It is an object of the present invention to provide an apparatus for painting a multiplicity of parts together at an increased degree of rate of production.
Another object of the present invention is to provide an apparatus for coating a multiplicity of parts with a glossy, even layer of paint.
Still another object of the present invention is to provide means for separating painted parts from each other to protect against paint adhesion.
Many other advantages, features and additional objects of the present invention will become manifest to those versed in the art upon making reference to the detailed description and the accompanying drawings in which a preferred embodiment incorporating the principles of the present invention is shown by way of illustrative example.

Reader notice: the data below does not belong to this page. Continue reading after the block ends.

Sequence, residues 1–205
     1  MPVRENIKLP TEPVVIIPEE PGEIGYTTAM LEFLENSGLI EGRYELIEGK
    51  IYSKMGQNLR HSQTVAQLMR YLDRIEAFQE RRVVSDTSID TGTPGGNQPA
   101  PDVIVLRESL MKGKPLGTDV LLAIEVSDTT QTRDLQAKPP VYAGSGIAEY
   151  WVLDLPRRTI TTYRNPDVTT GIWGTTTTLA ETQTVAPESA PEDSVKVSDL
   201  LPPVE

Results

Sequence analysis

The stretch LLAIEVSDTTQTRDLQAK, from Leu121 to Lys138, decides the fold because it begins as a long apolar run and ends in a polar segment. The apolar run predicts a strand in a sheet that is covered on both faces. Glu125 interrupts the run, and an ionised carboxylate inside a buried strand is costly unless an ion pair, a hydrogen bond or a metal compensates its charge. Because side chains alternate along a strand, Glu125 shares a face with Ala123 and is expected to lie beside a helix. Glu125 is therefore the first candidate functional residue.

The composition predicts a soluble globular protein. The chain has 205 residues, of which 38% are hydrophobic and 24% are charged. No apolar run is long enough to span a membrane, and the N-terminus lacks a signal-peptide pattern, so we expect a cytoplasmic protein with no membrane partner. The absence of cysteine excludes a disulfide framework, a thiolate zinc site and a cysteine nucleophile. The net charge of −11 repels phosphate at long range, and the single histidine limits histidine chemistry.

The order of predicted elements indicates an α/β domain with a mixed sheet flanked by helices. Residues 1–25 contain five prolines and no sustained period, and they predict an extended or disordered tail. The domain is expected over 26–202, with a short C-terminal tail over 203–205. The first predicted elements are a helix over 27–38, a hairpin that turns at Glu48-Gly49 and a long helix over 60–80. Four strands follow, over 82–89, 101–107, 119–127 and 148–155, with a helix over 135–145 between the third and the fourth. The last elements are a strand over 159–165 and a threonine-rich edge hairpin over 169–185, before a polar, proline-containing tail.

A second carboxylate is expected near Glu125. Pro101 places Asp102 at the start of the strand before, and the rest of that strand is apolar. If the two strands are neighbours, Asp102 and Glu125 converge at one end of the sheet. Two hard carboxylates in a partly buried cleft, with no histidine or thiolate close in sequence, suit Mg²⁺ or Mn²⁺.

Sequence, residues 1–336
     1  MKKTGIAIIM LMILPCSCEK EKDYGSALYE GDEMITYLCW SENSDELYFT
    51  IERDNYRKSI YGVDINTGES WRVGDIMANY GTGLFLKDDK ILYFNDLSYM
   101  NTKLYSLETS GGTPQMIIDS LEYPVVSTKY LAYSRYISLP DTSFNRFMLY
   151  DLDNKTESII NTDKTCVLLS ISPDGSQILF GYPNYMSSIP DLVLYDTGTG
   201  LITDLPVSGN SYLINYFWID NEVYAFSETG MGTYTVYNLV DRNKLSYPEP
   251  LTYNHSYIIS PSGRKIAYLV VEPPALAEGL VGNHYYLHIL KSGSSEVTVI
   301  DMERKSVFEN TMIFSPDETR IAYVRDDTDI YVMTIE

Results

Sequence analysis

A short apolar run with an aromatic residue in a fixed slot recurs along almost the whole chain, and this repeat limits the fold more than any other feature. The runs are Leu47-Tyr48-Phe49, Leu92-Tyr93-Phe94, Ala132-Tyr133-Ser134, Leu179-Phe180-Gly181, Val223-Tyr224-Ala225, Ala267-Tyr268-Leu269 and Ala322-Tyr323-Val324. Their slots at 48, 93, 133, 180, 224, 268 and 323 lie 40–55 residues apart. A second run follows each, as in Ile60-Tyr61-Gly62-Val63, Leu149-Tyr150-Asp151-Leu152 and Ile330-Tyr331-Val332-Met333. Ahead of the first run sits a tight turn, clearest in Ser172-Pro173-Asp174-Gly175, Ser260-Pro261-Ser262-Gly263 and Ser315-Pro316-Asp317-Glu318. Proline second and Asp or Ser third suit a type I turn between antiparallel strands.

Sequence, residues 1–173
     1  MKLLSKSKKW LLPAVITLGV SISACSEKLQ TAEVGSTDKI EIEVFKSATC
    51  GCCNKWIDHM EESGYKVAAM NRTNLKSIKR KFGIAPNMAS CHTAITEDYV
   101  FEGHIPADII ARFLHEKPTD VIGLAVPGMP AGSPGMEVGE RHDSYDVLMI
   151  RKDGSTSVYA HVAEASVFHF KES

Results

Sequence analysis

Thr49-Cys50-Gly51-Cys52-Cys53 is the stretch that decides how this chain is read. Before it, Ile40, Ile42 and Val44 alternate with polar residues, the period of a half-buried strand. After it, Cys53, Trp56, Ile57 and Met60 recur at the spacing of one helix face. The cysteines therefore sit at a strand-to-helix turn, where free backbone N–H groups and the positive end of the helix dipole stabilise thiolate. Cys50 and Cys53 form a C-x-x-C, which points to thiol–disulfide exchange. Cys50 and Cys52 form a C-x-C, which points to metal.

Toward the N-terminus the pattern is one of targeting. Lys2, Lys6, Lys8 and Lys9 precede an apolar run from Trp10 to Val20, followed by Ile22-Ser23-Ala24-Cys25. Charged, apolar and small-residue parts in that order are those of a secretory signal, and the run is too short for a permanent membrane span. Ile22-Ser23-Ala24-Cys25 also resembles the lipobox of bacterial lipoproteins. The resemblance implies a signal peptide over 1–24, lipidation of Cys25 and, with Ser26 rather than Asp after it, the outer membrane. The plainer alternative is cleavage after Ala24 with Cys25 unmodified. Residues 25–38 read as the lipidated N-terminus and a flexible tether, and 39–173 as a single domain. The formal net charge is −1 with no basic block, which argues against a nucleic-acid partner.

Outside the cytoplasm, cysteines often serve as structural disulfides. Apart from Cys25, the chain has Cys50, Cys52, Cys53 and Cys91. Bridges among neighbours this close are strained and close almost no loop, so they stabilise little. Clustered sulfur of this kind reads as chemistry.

FIG. 1 is a plan view, partly cut away, of a painting apparatus according to the present invention;
FIG. 2 is a front elevational view, partly cut away, of the painting apparatus shown in FIG. 1;
FIG. 3 is an end elevational view of a parts separator that is part of the painting apparatus;
FIG. 4 is a side elevational view of the parts separator shown in FIG. 3;
FIG. 5 is an elevational view of the portion of the painting apparatus from which the painted parts are discharged; and
FIGS. 6 and 7 are enlarged perspective views of parts to be painted.
The principles of the present invention are particularly useful when embodied in a painting apparatus such as shown in FIGS. 1 and 2, generally indicated by the numeral 10.